How to Use the Title String of the HeadingBlock As the Slug Source

8 replies
Last updated: Apr 29, 2021
I have a "page" document which contains both a "title" string and an array of objects, one of which I'm calling "headingBlock". The object also has a "title" string and a slug, and I want to use the "title" string of the object as the slug source. But I can only get it to use the document title string as source, not the title string of the "headingBlock" object that the slug is a part of (sorry for the confusing description). Any idea what to set the slug source to?
Apr 23, 2021, 7:49 AM
I see... I tested now and confirm the behavior you're saying. If I have two fields in the parent document called 'heading' and 'heading2', then the slug generation button in the 'heading2' object would get the 'title' string from the 'heading' object.
Is there no way around this behavior? If not, isn't this really a bug? When creating an object, the functionality of that object shouldn't be concerned about what name it is given when used. And in my case it's used in an array, so it cannot know what index number it has or if there are other objects of the same type in the array.
Apr 23, 2021, 8:50 PM
I definitely see your point there. An object should be able to operate without any awareness of what it’s contained within. I wonder if there’s a way you can dynamically set it so that you can sort of avoid this?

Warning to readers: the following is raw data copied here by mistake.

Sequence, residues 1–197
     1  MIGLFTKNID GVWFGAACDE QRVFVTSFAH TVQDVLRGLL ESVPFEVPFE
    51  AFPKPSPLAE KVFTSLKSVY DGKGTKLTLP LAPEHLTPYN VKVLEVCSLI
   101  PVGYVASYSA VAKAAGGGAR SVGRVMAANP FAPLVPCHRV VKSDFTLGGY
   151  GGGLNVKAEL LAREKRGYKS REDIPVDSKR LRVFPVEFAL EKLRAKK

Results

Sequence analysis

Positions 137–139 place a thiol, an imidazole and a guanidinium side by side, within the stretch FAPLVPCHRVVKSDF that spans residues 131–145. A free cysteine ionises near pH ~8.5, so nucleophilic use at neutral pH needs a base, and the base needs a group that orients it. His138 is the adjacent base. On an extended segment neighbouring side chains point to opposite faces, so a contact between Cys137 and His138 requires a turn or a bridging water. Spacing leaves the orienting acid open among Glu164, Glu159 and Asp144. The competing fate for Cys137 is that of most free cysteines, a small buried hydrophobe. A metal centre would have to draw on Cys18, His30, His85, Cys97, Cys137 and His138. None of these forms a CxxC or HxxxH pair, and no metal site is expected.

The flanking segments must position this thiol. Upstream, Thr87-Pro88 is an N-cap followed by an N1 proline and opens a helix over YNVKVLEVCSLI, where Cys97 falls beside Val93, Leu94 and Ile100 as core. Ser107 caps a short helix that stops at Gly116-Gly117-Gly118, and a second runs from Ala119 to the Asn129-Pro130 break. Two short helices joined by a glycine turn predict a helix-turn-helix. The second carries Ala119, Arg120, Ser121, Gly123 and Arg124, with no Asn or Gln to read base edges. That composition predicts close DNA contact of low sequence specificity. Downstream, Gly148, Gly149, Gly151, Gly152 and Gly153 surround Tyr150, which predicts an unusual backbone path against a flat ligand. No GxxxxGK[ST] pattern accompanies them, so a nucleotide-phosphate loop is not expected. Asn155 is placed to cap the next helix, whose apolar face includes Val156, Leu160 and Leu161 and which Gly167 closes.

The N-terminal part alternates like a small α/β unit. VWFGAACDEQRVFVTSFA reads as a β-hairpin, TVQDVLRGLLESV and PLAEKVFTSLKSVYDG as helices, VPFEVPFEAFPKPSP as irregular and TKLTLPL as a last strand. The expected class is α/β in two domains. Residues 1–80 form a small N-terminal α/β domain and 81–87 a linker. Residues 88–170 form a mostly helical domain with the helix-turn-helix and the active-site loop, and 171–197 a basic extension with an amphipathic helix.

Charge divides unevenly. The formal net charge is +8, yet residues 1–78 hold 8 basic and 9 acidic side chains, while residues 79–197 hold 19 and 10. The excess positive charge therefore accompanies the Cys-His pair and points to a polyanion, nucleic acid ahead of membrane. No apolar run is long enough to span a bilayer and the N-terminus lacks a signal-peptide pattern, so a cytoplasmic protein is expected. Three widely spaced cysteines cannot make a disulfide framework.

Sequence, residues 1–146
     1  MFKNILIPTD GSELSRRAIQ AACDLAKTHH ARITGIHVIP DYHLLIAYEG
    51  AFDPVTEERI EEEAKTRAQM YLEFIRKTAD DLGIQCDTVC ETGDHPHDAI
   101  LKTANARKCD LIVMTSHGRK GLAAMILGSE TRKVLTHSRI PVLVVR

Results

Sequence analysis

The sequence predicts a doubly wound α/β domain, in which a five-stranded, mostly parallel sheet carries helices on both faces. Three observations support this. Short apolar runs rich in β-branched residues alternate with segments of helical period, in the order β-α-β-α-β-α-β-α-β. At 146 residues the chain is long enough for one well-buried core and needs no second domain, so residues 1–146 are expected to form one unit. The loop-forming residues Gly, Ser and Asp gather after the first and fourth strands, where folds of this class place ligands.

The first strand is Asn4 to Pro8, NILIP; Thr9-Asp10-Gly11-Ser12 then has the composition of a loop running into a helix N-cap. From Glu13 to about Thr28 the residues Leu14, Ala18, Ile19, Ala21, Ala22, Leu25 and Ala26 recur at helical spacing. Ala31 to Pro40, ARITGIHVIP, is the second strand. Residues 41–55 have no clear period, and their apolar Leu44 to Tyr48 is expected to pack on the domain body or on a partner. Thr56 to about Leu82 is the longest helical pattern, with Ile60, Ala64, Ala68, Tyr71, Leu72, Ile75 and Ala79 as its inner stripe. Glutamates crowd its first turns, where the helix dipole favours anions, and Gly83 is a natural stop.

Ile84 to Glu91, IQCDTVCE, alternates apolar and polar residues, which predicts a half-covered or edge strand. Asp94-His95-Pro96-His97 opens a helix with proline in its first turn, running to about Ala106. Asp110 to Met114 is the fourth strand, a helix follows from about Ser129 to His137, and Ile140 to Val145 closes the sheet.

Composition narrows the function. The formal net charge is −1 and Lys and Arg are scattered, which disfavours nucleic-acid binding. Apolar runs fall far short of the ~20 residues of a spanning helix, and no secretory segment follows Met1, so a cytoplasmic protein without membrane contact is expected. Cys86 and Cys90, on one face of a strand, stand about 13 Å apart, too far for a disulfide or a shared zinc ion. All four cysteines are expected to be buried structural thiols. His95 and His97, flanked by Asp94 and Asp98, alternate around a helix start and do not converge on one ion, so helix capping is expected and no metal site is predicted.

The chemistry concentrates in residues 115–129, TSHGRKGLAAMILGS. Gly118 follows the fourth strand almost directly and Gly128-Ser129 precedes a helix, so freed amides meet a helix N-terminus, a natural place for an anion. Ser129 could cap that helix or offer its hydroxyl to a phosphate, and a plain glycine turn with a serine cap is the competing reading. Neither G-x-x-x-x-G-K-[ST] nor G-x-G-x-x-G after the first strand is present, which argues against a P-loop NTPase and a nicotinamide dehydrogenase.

That said, I think these are valid points and you should share them in the
ideas-and-feedback channel or open up an issue on Github .
Apr 24, 2021, 4:27 PM
options.source
can be a function. Does this achieve what you’re after?

{
  name: 'slug',
  title: 'Slug',
  type: 'slug',
  options: {
    source: (_, { parent: { title } }) => title,
    maxLength: 96,
  },
},
Apr 27, 2021, 8:08 PM
Ah, so awesome! Worked like a charm! Can you elaborate a little on what that statement actually does?
Apr 28, 2021, 7:45 AM
Great! Yes, sorry I didn’t to start with. As a function, slug can take two parameters :
doc
and
options
. We don’t need
doc
in this case so convention is to use an underscore to represent it.
{ parent: { title } }
is destructuring `options`; the function could just as well be written:

source: (doc, options) => {
  const { parent } = options
  const { title } = parent
  return title
}
or


source: function(doc, options) {
  return options.parent.title
}

Apr 28, 2021, 1:39 PM
user A
thank you so much!
Apr 28, 2021, 4:36 PM
No problem!
Apr 28, 2021, 4:38 PM
Thank you for the help! 🙂
Apr 29, 2021, 5:30 AM

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